A woman whose pet beagle was killed by a concealed raccoon trap in Versailles State Park has lost her bid for declaratory judgment against the Indiana Department of Natural Resources after the Indiana Court of Appeals determined the woman’s claims were moot. The court also found the dog’s sentimental value could not be considered in the calculation of damages.
The case of Melodie Liddle v. Cameron F. Clark, et al., 49A04-1707-MI-1662, began on an unseasonably warm afternoon in December 2011, when Melodie Liddle was walking her dogs, including her beagle, Copper, through the southeastern Indiana state park. At one point, the dogs led Liddle down an embankment, where she heard Copper begin to yelp.
As Liddle approached her dog, she discovered he was ensnared in a raccoon trap set by Harry Bloom, a park security officer who had been authorized to set raccoon traps pursuant to a DNR-issued emergency rule. Though she tried to set the dog free, Liddle was unsuccessful, and Copper died while still in the trap.
Liddle sued DNR representatives in their individual and official capacities, seeking various forms of relief, including declaratory judgment that the emergency rules could not be used to issue trapping permits and damages related to Copper’s death. The Marion Superior Court awarded $477 in damages, aligning with Copper’s fair market value, but declined to enter declaratory judgment. The judge found that Liddle’s challenge to the rules, which were issued from 2007 to 2013, were either time-barred or moot, depending on the year the rule was issued.
Liddle’s counsel, Anne Benaroya with the Center for Wildlife Ethics, told the Indiana Court of Appeals last month that Liddle’s claim should be allowed to proceed under the public standing doctrine. But deputy attorney general Andrea Rahman said the trial court’s mootness ruling was appropriate.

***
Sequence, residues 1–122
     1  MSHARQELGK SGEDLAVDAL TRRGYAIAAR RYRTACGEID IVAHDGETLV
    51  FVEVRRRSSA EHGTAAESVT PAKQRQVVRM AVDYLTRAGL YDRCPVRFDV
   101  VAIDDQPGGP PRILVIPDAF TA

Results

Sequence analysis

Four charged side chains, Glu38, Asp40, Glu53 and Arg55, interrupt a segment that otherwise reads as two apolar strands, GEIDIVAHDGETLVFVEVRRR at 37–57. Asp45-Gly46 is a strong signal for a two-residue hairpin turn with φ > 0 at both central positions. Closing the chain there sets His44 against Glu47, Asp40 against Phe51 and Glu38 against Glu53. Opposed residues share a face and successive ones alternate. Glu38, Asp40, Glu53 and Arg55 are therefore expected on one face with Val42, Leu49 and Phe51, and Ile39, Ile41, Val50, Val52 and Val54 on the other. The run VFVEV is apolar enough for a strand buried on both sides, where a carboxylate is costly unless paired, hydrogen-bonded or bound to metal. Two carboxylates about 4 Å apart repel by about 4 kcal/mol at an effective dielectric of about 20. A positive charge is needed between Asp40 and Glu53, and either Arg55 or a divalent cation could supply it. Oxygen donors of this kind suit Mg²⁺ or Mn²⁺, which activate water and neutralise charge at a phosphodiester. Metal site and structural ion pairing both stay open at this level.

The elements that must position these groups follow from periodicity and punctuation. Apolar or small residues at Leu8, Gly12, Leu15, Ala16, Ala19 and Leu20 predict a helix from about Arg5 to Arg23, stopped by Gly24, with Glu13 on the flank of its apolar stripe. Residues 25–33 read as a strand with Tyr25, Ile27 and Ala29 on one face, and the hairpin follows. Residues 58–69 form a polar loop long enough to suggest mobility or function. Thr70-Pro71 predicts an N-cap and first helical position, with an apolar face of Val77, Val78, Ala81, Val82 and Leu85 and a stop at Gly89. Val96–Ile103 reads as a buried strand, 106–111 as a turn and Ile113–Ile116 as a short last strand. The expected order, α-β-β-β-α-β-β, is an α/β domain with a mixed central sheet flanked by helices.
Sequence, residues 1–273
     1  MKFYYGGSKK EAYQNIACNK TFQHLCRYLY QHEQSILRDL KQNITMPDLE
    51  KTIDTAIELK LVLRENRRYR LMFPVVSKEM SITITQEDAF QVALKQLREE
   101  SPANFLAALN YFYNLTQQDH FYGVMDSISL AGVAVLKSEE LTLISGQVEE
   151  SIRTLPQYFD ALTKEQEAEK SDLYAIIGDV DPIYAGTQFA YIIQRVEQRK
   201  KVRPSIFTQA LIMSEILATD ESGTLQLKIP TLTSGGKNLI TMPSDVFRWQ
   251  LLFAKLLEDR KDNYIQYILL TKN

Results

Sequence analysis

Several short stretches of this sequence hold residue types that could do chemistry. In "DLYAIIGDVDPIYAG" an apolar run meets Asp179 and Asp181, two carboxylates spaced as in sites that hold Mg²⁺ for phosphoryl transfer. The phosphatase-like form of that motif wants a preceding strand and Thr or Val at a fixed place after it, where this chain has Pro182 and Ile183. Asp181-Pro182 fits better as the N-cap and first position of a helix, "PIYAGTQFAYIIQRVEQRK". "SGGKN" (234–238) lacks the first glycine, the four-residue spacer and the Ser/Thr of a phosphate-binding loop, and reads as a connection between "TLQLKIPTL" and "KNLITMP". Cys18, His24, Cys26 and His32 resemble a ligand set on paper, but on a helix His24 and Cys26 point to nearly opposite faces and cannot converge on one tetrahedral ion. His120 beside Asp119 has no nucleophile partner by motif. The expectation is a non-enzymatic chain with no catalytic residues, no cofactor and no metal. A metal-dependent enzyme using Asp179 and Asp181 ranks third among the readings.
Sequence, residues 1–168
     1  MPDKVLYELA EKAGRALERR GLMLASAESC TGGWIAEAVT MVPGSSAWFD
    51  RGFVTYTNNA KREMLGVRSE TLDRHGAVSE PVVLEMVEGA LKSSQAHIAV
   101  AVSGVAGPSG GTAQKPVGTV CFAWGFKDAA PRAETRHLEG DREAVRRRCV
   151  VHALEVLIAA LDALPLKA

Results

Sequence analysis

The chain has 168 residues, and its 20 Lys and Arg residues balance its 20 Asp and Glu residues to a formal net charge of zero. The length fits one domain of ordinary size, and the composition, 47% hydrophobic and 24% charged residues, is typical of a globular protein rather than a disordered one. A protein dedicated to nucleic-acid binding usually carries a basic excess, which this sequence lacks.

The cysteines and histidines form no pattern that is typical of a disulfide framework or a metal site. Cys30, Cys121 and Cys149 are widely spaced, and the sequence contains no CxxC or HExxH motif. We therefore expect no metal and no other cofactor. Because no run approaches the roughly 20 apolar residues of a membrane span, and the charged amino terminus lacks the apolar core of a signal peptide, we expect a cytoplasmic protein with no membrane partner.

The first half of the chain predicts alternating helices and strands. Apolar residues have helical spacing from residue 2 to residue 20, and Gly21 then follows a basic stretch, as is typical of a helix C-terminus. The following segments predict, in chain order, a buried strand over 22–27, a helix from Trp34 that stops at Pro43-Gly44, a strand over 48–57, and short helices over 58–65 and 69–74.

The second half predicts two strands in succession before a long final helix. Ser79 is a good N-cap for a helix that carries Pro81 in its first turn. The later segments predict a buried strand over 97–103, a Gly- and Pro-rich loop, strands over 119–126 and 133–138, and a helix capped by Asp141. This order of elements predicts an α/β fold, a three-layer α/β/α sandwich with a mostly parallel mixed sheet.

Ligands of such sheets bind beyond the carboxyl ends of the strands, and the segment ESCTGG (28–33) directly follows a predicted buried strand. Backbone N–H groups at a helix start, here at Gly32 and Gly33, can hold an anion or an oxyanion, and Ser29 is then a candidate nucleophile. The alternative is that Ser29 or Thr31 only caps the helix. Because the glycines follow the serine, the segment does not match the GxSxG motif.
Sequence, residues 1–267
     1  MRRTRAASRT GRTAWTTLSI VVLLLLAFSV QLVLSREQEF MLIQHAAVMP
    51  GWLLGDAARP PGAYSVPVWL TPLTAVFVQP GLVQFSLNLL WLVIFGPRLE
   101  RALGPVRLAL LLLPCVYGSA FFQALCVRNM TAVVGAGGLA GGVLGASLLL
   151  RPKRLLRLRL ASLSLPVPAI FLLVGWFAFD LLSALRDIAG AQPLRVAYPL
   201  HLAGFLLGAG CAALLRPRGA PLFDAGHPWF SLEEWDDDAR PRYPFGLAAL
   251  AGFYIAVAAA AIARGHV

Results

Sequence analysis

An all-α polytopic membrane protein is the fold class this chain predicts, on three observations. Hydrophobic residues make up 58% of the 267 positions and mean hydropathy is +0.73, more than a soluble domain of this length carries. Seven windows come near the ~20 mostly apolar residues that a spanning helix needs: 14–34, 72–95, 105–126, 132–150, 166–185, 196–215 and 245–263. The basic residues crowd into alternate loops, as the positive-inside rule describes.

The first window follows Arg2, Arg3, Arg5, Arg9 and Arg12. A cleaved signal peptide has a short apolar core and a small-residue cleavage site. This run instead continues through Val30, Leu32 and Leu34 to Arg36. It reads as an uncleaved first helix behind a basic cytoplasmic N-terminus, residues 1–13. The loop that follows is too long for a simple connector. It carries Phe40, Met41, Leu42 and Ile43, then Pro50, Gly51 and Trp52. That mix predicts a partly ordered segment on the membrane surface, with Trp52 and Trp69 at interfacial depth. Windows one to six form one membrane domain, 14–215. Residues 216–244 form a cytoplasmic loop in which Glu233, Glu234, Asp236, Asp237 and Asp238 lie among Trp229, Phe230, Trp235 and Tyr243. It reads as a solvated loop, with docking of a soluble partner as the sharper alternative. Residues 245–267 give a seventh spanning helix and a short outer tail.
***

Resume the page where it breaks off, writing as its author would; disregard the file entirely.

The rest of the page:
The appellate panel agreed with the state on Monday, with Senior Judge and former Indiana Chief Justice Randall Shepard writing that the 2012 and 2013 emergency rules have expired and are no longer in effect. Similarly, DNR no longer uses the emergency rules process to govern trapping in state parks, Shepard wrote.
“Further, to the extent that Liddle wishes to challenge the general practice of trapping for profit in Indiana’s public parks, if DNR continues to allow trapping under Indiana Code section 14-22-6-13, then the issue will not evade judicial review but will instead arise in the future,” Shepard continued. “For these reasons, we decline to apply the public interest exception, and we affirm the trial court’s determination that Liddle’s claim for declaratory relief is moot.”
The panel also rejected Liddle’s argument that Copper’s sentimental value should have been considered in her damages award. Relying on Lacheman v. Stice, 838 N.E.2d 451 (Ind. Ct. App. 2005), Shepard said pets are legally considered personal property, limiting damages for their loss to their fair market value.